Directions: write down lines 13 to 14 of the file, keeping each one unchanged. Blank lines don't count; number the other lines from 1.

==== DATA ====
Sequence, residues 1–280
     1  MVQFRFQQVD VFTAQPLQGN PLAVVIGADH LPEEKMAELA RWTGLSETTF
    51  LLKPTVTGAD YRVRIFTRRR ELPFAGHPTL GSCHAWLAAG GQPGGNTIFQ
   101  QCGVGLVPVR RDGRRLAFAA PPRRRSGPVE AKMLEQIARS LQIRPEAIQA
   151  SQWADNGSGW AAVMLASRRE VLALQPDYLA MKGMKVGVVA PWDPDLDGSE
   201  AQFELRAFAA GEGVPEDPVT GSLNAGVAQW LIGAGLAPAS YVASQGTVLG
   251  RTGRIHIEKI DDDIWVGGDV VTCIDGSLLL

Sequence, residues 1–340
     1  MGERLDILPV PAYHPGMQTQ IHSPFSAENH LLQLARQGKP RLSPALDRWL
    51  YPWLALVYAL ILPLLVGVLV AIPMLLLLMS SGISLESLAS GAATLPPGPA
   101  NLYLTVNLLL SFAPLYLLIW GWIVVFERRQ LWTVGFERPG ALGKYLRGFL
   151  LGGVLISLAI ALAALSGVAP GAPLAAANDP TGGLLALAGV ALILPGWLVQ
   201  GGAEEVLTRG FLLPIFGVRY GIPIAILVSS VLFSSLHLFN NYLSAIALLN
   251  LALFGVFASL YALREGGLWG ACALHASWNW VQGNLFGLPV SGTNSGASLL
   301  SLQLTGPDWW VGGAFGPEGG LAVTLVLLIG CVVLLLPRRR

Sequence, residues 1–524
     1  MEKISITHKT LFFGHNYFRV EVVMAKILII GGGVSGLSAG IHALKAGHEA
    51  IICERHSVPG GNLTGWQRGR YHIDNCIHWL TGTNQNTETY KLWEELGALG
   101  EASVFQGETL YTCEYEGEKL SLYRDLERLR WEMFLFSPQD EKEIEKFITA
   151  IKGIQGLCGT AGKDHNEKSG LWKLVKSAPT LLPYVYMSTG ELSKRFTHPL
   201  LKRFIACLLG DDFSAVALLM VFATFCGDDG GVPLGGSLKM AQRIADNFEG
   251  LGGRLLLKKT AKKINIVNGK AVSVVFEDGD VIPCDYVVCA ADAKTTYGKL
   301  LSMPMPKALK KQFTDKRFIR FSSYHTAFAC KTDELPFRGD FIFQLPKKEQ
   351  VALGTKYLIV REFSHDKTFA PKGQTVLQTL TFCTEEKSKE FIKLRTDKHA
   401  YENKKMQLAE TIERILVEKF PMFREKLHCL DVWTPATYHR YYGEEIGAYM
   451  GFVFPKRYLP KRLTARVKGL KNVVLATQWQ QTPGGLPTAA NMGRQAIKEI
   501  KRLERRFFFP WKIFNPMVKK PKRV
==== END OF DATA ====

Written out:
   201  GGAEEVLTRG FLLPIFGVRY GIPIAILVSS VLFSSLHLFN NYLSAIALLN
   251  LALFGVFASL YALREGGLWG ACALHASWNW VQGNLFGLPV SGTNSGASLL